Seminarian Parker Love will receive $3,200 from the charity event to help with his staggering medical expenses from a mountain bike accident in July.
December 16, 2013
WESTERN CATHOLIC REPORTER
For four years, Brian Maraj, the academic dean at St. Joseph's College, has been helping others through his love for squash.
In October 2010, a student's brother suffered a spinal cord injury. Two months later, Maraj played squash in an effort to raise money for the young man's substantial medical expenses. The special fundraiser was dubbed Doing Something I Love For Someone We Love.
"I love squash and I wanted to do something for this student that would raise his spirits," said Maraj.
Raising the spirits of others has now become a common theme for Maraj. He initiated squash fundraisers for three students with spinal cord injuries: Terry Tanove, Brett Babcock and Katie Burgess.
On Dec. 4, he again took to the squash courts at the University of Alberta's Van Vliet Centre, raising money for two causes, including the medical costs of a Regina seminarian.
Dubbed the "Maraj-a-thon," he played for eight hours straight, from 9 a.m. to 5 p.m., only taking short breaks between games for basic rations like coconut water, mangos and nuts.
With the college matching the funds donated, Maraj raised about $7,000 for Free 2B Me, an organization that funds kids and teens with disabilities.
He also raised another $3,200 for the family of Parker Love, a seminarian from the Regina Archdiocese. Money is still coming in for both causes.
Love, 25, was badly injured in a mountain bike accident near Canmore July 20.
"I went head over handlebars after hitting a mogul while going too quickly. I landed on my head," said Love.
Part of his spinal cord was badly injured. He broke his clavicle and collarbone, and fractured three ribs, in addition to sustaining other injuries. The next day, he underwent surgery to realign his vertebrae, with doctors inserting some screws to hold everything in place.
He was billed $13,000 for an air ambulance ride from Calgary to Regina. He was also hit with two big ambulance bills in Calgary. He requires special supplies in the bathroom, and a better-than-average wheelchair, which also come at hefty prices.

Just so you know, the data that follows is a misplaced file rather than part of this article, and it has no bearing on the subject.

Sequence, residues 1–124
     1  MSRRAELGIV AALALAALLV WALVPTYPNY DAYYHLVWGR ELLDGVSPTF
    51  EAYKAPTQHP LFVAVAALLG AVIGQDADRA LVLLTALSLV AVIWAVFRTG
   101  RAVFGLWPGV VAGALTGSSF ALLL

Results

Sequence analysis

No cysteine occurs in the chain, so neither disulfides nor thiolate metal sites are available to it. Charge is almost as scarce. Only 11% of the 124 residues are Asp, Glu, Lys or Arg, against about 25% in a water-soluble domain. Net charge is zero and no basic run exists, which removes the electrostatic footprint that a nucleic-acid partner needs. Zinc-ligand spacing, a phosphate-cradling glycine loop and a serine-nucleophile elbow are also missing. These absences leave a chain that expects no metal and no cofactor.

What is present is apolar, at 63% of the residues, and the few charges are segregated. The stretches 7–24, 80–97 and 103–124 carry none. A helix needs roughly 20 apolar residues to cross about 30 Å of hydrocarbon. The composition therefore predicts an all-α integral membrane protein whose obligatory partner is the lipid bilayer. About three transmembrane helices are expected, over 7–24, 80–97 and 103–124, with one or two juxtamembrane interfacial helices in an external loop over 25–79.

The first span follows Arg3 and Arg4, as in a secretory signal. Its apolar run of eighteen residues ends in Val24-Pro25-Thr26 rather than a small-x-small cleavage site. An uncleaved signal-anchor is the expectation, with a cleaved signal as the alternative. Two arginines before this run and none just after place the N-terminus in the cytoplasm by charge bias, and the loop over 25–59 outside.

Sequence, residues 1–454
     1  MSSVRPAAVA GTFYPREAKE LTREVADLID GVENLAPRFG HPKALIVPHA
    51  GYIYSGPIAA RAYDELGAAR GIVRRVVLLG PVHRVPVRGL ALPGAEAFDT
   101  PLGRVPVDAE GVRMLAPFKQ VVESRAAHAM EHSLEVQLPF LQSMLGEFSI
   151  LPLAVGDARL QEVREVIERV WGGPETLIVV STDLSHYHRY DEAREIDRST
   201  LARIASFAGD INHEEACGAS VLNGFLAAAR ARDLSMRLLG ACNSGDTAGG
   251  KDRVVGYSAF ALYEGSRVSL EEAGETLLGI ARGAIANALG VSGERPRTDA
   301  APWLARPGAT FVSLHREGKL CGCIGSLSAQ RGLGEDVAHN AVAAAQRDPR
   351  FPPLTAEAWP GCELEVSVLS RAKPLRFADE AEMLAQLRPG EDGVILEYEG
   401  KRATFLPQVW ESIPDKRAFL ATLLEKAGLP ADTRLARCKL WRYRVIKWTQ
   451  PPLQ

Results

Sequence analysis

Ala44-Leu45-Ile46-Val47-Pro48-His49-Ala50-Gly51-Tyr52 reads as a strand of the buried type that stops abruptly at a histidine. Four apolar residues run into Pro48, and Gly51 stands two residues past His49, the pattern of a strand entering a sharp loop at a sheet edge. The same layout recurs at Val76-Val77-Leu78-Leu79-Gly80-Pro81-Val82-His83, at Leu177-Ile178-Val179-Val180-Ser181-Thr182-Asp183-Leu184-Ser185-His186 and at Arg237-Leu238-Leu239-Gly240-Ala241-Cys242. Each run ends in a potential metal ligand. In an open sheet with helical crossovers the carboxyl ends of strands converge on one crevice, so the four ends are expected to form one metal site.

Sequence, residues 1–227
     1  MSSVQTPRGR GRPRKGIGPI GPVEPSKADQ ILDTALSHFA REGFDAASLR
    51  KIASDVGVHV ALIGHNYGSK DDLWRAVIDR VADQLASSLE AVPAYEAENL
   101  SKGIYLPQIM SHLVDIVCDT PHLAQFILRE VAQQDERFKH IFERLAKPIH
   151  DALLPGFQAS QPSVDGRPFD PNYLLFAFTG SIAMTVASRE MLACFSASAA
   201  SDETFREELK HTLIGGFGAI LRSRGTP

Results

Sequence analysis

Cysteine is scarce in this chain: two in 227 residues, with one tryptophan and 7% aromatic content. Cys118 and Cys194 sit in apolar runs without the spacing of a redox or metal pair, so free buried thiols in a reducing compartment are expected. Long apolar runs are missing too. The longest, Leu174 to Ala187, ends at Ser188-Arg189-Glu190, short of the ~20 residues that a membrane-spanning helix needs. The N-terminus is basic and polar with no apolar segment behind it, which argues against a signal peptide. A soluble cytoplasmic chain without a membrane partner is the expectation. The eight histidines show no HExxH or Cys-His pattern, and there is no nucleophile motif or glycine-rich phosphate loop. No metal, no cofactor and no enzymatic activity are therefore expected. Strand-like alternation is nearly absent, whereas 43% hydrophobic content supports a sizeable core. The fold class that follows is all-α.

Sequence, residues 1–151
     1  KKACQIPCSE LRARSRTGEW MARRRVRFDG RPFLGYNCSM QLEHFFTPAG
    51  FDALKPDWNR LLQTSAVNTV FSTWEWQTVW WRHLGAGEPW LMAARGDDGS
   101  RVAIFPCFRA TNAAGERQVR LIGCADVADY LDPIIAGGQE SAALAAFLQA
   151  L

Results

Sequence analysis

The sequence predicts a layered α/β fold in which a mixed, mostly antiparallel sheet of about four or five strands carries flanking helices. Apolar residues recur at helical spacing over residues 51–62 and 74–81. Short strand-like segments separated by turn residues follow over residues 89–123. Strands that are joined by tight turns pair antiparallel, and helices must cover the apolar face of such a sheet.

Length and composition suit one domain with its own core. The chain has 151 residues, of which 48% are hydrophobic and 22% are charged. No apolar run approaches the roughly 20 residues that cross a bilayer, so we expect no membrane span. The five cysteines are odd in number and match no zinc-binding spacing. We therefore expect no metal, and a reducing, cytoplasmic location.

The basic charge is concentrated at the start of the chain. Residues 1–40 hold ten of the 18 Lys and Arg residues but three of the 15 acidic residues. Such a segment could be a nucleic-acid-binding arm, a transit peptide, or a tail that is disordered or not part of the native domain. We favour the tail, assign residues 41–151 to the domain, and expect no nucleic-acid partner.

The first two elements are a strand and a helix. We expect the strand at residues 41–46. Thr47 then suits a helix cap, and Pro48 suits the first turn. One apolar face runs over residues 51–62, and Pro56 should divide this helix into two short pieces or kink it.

WCR PHOTO | CHRIS MILLER
Love has received other contributions to help pay his bills, but nothing as comprehensive as what Maraj has done with the squash marathon.
Since the mountain biking mishap, Love has been on pain medication and goes for physiotherapy on a regular basis. He works on his basic conditioning, flexibility and arm strength.
LEARNING ALL OVER AGAIN
"Everything I do now is trickier. I can't just get up in the morning and put my pants on," Love said. "I am learning those basic skills all over again. There is physical therapy where I do muscle-building things like working on transferring out of bed onto a chair."
Love, born and raised in Regina, completed his bachelor of arts in honours English from the University of Regina. Then he began a spiritual journey that culminated with his Baptism and Confirmation in the Catholic Church at Easter 2012.
For his conversion, he credits the Holy Spirit, his parents' entry into the Church the Easter before, and the influence of several virtuous Christians in his life.
Love enjoys playing board games, reading, writing and having a good conversation. He also enjoys watching Monday Night Football and eating Chinese food.
"I will always be impacted by the accident," said Love, who has regained considerable strength in his right leg.
"There's a possibility that I might be able to walk with some sort of assisted device, whether that's braces in my legs or crutches or a walker or something like that. Likely, my primary mode of transportation will always be my wheelchair."
Recently out of rehab, he is gradually regaining his independence. He is living with his parents as he continues his recovery.
Beyond financial support, his fellow seminarians from St. Joseph Seminary have been praying for him, and various people send him letters of moral support.
"My goal has always been to discern the priesthood. I had anticipated on returning next September, and I don't foresee anything changing. I hope to return to the seminary in September and continue to discern," he said.
Love said that even if he is not ordained a priest someday, he will not consider his time at the seminary a failure.
"If I walked into the seminary on Day One and said I'm going to become a priest, then that would be an immediate red flag. It is not our choice to be a priest. It is a call from God. We have to listen because sometimes it's not explicitly clear," said Love.
Maraj said his day-long squash marathon is a grind. "But it pales in comparison to the struggles that some of the people we play for face on a daily basis. If we can show a wave of support for them, we hope it helps to lift their spirits."
He played at least five opponents per hour, estimating that he played against a total of more than 40 people. His only loss was to a young woman on a squash scholarship at Dartmouth University in the U.S.
GOOD SPORT'S RESPONSE
"Her education is being paid for by her squash ability – so I didn't mind losing that one," he said.
Maraj, teaching since 1983, has taught and researched in such areas as vision and locomotion, motor learning, motor development, sport and spirituality.
He has worked at York University, McMaster University, University of Colorado in Boulder, Louisiana State University, University of Otago (Dunedin, New Zealand), and the University of Alberta.